Content uploaded by Frank Vriesekoop
All content in this area was uploaded by Frank Vriesekoop on Apr 15, 2016
Content may be subject to copyright.
Fermentation 2015, 1, 13-23; doi:10.3390/fermentation1010013
Optimization of Phytase Production from Escherichia coli by
Altering Solid-State Fermentation Conditions
Kyle McKinney 1,2, Justin Combs 2, Patrick Becker 2, Andrea Humphries 1, Keith Filer 2 and
Frank Vriesekoop 1,*
1 Department of Food Science, Harper Adams University, Newport, Shropshire TF10 8NB, UK;
E-Mails: email@example.com (K.M.); firstname.lastname@example.org (A.H.)
2 Alltech Biotechnology, Nicholasville, KY 40536, USA; E-Mails: email@example.com (J.C.);
firstname.lastname@example.org (P.B.); email@example.com (K.F.)
* Author to whom correspondence should be addressed; E-Mail: firstname.lastname@example.org;
Academic Editor: Hiroshi Kitagaki
Received: 22 May 2015 / Accepted: 24 July 2015 / Published: 30 July 2015
Abstract: Cultivation of Escherichia coli on wheat-bran substrate under various Solid-State
Fermentation (SSF) conditions was evaluated for phytase yield along with the enzyme
activity profile as a potential, low-cost alternative to submerged-liquid fermentation.
The maximum phytase activity achieved by E. coli was 350 ± 50 SPU of phytase activity
per gram of bran, incubated for 96 h with a substrate bed moisture content of 70% (w/v) at
37 °C with a relative air humidity of 90%, and supplemented with 10% (w/w bran)
Luria-Bertani broth powder which translates into a 300% increase in phytase activity
compared with an un-supplemented culture. The greatest improvements in phytase yield
were associated with nutrient supplementation and the optimization of initial substrate
moisture content. E. coli production of phytase utilizing solid-state fermentation technology
was shown to be feasible utilizing the low-cost agro-residue wheat bran as substrate.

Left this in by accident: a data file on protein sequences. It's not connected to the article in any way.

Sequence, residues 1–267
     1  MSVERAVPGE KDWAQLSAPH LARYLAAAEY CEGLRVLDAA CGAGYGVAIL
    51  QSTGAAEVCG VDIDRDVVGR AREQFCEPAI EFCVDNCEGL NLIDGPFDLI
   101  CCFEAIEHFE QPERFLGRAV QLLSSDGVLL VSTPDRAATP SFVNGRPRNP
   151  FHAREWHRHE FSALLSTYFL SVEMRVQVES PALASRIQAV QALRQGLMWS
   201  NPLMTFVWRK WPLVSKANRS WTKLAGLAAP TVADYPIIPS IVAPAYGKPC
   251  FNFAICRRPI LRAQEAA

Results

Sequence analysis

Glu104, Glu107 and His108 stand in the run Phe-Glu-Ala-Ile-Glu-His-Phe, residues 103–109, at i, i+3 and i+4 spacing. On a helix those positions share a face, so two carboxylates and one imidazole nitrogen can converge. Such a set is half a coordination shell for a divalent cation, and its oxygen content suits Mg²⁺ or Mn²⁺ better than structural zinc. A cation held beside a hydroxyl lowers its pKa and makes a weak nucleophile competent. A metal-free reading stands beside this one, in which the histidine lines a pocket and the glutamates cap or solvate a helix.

Furthermore, the effect of pH and temperature on phytase activity was monitored from
pH 2.5 to pH 7.5, and for temperatures ranging from 20 °C to 70 °C. Optimal phytase activity
was at pH 5.5 and 50 °C when produced under the SSF optimized conditions.
Keywords: E. coli; enzyme; optimization; phytase; solid state fermentation
Fermentation 2015, 1 14
Monogastric livestock lack the enzyme phytase needed to digest phytate, the predominant form of
the essential nutrient phosphorus (P) in grains. To make more efficient use of the phosphorus in feed,
diets are routinely supplemented with exogenous phytase . Phytase supplements used in animal
nutrition are typically of microbial origin, with commercial enzyme production by means of solid-state
fermentation (SSF) or submerged liquid fermentation (SLF). Solid-state fermentation is both
economically and environmentally advantageous in that SSF cultivation can be carried out in simpler
and therefore more cost-effective bioreactors; the enzymes produced typically can be used directly in
their crude form without need for purification or concentration steps , which negates the need for
capital and energy input; there is a significant reduction in effluent disposal and/or treatment cost,
because there is no need to remove vast amounts of water from the product steam , and low-cost,
nutrient-rich agro-residues can be recycled as substrates for enzyme cultivation . Currently,
the majority of commercial SSF phytase is produced by growing the fungus Aspergillus niger on wheat
bran, which provides both a surface area for microbial attachment and carbon and nitrogen nutrients
from xylan and protein .
However, bacterial phytases offer some distinct advantages in terms of their stability and resistance
to proteolysis over phytases synthesized by fungi . Traditionally, because of moisture requirements,
the commercial production of bacterial enzymes has been achieved by SLF, which utilizes free-flowing
substrates (e.g., molasses, broth). SSF technology offers many technical and economic advantages over
SLF, which is why the commercial potential of bacterial phytase production using SSF technology has
been of increased interest. Indeed, research has shown that SSF production of phytase by Bacillus spp.
is economically feasible when process conditions are optimized to enhance enzyme yields utilizing
low-cost substrates . In contrast, whilst studies confirm that Escherichia coli can express phytase that
is stable under high temperatures and resistant to proteolysis , very little information has been
published that details E. coli phytase production under SSF conditions. To address this knowledge gap
we evaluated the effects of solid-state fermentation process conditions on phytase yield from E. coli
cultivated on a wheat bran substrate.
2. Experimental Section
2.1. E. coli Inoculum
Luria-Bertani (LB) broth containing 25 g dehydrated LB (Difco, Sparks, MD, USA) per liter was
autoclaved at 121 °C for 15 min, after which a 1-mL aliquot of E. coli (pAPPA1 plasmid in E. coli
(ATCC 87441)) stock culture (stored at −80 °C) was added. The prepared culture was transferred to a